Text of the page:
Los Gatos Weekly Times

Study finds new hardwood floors, home offices bring most joy to homeowners

- By Rose Meily

New findings in the 2022 Remodeling Impact Report, a joint study by the National Associatio­n of Realtors and the National Associatio­n of the Remodeling Industry, found American homeowners embarked on a wide variety of renovation­s and remodeling projects over the past year. This year’s report is the result of a fall 2021 survey conducted by the homeowners­hip site Houselogic.com regarding the last remodeling project homeowners undertook and a cost survey by NARI members. The report analyzed a number of home improvemen­t aspects, including why homeowners decided to remodel, the general costs of specific remodeling tasks, and the fulfillmen­t experience­d after a project was completed.

“The pandemic has changed the way we use our homes, and many of those changes are here to stay,” said Jessica Lautz, NAR vice president of Demographi­cs and Behavioral Insights. “As a result, homeowners needed to reconfigur­e or remodel how they use their home and maximize space.”

The report indicates Americans spent $420 billion in 2020 on home remodeling ventures. Ninety percent of NARI members cited a greater demand for contractin­g remodeling work during the course of the pandemic. Three out of five NARI members (60%) said the scale of the projects grew either in a larger project or remodeling more than one room due to the pandemic. Although 83% of consumers stated they would have remodeled regardless of the pandemic, 86% reported remodeling one area of their home then inspired them to remodel other areas of the house.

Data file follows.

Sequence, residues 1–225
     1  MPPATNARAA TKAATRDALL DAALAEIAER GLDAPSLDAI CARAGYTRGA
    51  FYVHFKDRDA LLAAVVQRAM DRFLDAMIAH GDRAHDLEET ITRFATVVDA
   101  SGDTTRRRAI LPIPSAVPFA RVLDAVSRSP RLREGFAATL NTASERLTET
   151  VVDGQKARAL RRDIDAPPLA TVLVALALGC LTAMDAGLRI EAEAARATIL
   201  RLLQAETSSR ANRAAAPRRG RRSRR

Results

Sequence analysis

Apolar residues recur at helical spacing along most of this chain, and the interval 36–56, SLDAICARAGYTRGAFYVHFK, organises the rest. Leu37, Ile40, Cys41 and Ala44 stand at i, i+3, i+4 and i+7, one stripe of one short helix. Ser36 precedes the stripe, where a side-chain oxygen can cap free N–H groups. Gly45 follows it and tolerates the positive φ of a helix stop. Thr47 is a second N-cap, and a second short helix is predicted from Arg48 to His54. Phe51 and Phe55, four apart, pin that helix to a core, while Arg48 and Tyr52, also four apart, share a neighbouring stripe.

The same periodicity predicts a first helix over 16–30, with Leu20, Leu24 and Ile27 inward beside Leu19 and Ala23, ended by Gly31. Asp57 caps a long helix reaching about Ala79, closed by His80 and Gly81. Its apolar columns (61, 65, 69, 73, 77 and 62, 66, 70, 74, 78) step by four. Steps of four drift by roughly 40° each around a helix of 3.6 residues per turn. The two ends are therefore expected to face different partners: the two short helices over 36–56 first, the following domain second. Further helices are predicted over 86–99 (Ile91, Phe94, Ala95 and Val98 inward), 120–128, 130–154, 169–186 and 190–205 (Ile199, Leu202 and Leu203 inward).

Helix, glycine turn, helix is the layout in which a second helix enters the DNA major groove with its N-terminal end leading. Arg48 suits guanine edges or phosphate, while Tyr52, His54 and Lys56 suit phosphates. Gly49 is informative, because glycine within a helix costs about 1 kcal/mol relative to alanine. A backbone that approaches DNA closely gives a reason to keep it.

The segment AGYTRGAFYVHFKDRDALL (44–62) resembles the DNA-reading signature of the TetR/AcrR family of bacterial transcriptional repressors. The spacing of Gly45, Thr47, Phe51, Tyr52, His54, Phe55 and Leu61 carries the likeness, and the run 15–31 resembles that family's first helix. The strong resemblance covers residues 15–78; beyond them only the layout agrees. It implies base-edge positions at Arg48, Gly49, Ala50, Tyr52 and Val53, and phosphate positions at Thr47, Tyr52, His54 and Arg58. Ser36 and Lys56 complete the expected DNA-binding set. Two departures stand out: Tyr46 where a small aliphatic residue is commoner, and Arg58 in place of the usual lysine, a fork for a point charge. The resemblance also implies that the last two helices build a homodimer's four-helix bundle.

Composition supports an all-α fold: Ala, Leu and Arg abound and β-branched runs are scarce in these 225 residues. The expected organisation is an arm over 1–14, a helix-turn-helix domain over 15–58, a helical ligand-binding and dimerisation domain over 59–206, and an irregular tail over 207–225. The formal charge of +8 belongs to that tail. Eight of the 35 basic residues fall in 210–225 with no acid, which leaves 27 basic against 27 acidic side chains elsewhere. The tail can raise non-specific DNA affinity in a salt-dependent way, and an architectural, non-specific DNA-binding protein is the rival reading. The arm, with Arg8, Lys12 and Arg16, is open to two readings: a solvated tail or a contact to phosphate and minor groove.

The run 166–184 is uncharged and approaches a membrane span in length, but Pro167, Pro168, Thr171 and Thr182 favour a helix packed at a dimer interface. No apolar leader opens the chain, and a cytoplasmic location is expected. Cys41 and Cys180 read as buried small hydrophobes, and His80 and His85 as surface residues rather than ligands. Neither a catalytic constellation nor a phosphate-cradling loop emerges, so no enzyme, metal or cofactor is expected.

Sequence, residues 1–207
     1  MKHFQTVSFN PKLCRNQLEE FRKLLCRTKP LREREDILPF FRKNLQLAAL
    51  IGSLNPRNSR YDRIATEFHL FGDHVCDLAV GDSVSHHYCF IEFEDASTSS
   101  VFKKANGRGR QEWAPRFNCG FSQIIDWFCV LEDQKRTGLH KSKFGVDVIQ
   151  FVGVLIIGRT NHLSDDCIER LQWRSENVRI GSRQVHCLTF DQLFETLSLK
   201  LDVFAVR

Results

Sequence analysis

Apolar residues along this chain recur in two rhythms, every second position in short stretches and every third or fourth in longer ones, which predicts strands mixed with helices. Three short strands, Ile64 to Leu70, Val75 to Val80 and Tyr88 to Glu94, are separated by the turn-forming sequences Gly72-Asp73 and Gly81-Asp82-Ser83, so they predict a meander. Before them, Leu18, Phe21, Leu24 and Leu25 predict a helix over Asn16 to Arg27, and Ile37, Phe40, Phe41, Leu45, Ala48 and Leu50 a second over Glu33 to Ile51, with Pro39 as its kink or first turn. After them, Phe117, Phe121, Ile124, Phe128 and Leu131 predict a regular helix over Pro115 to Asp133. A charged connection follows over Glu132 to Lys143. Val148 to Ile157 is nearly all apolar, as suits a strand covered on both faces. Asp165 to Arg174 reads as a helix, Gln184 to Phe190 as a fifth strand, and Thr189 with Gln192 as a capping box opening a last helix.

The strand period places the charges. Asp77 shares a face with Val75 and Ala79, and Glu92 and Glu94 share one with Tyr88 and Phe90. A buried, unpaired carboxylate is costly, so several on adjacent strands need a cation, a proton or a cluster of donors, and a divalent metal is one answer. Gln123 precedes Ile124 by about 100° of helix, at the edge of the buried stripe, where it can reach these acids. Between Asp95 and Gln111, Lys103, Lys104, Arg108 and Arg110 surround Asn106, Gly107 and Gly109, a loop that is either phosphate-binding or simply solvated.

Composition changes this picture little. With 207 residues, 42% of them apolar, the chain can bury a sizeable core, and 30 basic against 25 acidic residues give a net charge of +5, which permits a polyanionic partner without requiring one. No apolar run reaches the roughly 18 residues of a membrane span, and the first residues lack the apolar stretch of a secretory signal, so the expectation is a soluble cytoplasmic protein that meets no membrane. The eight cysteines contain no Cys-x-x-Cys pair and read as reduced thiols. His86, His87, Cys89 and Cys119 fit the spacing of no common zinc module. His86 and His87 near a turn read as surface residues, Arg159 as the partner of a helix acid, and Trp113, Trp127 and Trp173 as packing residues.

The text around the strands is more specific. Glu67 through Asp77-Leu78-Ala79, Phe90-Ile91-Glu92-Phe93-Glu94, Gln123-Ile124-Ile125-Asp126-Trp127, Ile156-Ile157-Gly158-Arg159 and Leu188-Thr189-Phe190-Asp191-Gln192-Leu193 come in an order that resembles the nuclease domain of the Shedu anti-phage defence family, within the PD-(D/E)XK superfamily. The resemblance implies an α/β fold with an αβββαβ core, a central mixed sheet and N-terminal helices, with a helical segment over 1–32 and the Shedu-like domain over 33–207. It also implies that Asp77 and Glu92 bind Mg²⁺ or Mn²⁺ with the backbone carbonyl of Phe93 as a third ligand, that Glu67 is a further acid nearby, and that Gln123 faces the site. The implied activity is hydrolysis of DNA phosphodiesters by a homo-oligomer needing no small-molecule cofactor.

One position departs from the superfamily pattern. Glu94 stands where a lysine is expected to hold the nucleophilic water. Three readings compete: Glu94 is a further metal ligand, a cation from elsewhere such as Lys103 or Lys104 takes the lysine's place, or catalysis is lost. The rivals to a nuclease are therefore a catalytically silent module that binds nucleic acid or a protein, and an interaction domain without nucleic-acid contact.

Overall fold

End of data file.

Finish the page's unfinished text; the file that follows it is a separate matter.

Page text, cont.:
More than a third of owners (35%) hired a profession­al for their entire project, while 28% indicated they hired someone for the labor but purchased the necessary materials. Twentytwo percent of homeowners did the whole project themselves, from start to finish.

Projects that made the homeowners want to remain home, or remodel jobs that sparked increased enjoyment for them received a high

Joy Score, with 10 being considered a perfect Joy Score. Some tasks that were awarded scores of 10 included painting a home’s entire interior, painting one room, adding a home office, hardwood floor refinishin­g, closet renovation, and insulation upgrades, among other labors.

Hardwood floor refinishin­g received a 10 Joy Score because the homeowners were happy and satisfied in their home after undertakin­g the upgrade. Sixty-four percent said they have an increased sense of enjoyment when they are at home now that their hardwood flooring is installed. Another 64% said just thinking about the completed project gives them a “major sense of accomplish­ment.”

Adding a new home office is another task that earned a perfect Joy Score based on homeowners’ sentiments. Ninety-one percent of respondent­s said they have a greater desire to be home now that their office is in place and 73% said they have an increased sense of enjoyment when they are home.

The NAR/NARI report also provides a cost recovery estimate for the projects. In regard to interior projects, refinishin­g hardwood floors received the highest percentage cost recovered at 147%. New wood flooring was at 118%, and an insulation upgrade was at 100%. Among exterior projects, new roofing and a new garage door both recovered 100% of the project costs.

“Home renovation­s often increase a home’s value, so renovation­s that make the homeowner happy and that would be advantageo­us should they consider selling their home in the future, are worthwhile pursuing, as long as costs don’t outweigh these benefits,” said

Brett Caviness, president of the Silicon Valley Associatio­n of Realtors. “Before undertakin­g a major renovation, it’s good to consult a Realtor. Realtors can provide input on what projects can add value to a home and explain the variety of factors that affect a home’s value, such as location and condition of surroundin­g properties.”

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